A 10-gauge aluminum wire can safely carry up to 30 amps at 167°F or 30 at 194°F. On the other hand, a 10-gauge copper wire may safely carry up to 30 amps at 140°F. It can handle 35 amp at 167°F and 40 at 194°F.
A 12-gauge aluminum wire can safely carry up to 20 amps at 167°F or 25 at 194°F. On the other hand, a 12-gauge copper wire may safely carry up to 25 amps at 140°F. It can handle 25 amp at 167°F and 30 at 194°F.
There is no aluminum option for the 14-gauge wire. However, a copper 14-gauge copper can safely carry up to 20 amps at 140°F. It can handle 20 amp at 167°F and 25 at 194°F.
30 & 50 amp RV Extension Cord
RVs require these products because it is useful for added flexibility when you are on the road. It lets you connect to the right power source without having to sacrifice much. These are classified under heavy-duty use, so be sure to select a cord that can safely handle the heavy-duty load. Depending on the usage, RV extension cords usually rate at 30 or 50 amps.
It’s easy to purchase and use an extension cord, but how do you wind it? Learn in simple steps below.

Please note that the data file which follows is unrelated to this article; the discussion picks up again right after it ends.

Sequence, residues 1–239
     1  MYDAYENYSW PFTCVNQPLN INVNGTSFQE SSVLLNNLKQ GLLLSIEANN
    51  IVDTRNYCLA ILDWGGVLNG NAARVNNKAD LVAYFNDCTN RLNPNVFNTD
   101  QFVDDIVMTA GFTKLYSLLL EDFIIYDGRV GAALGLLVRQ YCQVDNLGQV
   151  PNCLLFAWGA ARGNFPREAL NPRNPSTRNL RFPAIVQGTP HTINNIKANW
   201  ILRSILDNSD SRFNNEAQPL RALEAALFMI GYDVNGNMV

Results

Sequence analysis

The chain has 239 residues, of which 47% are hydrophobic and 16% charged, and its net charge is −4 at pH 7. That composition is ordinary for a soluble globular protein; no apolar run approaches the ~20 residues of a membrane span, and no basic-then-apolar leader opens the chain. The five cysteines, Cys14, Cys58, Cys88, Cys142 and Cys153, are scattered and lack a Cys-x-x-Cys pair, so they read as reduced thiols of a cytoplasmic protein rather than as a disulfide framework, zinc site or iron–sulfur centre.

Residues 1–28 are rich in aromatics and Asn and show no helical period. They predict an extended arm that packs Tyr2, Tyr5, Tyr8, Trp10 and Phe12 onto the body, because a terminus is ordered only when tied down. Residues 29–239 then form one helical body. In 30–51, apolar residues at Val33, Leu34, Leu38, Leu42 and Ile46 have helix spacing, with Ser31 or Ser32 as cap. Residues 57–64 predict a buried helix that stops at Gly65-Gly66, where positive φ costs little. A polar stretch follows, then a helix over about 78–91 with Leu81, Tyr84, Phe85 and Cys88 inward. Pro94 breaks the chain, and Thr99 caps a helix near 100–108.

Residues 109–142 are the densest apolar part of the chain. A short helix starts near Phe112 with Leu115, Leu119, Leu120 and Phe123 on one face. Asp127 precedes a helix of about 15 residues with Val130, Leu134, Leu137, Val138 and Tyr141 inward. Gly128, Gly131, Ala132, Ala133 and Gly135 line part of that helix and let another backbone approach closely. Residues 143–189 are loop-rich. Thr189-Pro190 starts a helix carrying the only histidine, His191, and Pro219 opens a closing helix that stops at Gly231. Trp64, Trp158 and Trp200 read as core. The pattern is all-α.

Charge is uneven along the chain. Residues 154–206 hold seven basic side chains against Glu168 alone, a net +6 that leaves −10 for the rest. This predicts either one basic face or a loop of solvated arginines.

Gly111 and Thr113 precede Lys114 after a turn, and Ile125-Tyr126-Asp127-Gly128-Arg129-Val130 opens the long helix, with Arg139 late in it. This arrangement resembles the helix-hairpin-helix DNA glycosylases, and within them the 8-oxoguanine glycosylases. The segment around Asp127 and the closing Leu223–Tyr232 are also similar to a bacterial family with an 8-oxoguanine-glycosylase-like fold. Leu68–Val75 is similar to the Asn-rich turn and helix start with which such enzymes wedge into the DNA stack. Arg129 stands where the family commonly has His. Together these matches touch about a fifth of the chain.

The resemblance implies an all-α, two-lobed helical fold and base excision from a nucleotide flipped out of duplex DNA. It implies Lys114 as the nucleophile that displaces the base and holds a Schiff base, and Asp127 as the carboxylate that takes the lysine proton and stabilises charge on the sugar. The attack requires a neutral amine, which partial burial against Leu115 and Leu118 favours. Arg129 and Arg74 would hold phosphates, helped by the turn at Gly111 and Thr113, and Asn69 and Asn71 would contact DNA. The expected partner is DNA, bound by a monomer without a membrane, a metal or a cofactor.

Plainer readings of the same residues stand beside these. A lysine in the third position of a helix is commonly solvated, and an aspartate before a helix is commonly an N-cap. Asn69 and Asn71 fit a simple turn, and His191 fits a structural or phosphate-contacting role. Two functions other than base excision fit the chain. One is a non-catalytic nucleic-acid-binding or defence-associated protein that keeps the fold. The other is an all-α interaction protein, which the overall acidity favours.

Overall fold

Why you can trust us and how we picked?
You can trust us with the above listed best 20, 25, 50, 100, 150, & 200 ft extension cords as we have closely worked with the experts as well as the general people to bring you the best of each category. All of our recommendations are based on NEC ratings.
Factors to consider
When looking for the right one for your electrical needs, there are several things to consider. However, the top four things you should look into are the following.
|What to look for|
|Usage||Type of plug|
Usage and Environment
What type of environment will you be using it in? The outer layer of any wire protects from cold and moisture. It can also protect against extreme heat. For outdoor use, be sure to select one that has a thick outer layer. On the other hand, indoor ones do not need a thick outer layer. Perhaps you’re looking to power your TIG welder or MIG welder.
Avoid ever using an extension cord that looks like that!
To determine the designation of your cord, look into the reference guide below.
|S||Flexible cord allows for use in almost anything.|
|W||It is for outdoor use.|
|J||It has a standard 300 V insulation. Otherwise, it has a thicker 600 V insulation.|
|O||It is oil-resistant.|
|P||It has a parallel wire construction, which you can use for household needs.|
|T||The cover uses vinyl thermoplastic.|
|E||The cover uses thermoplastic elastomer rubber (TPE).|
|FT2||The product is fire-resistant.|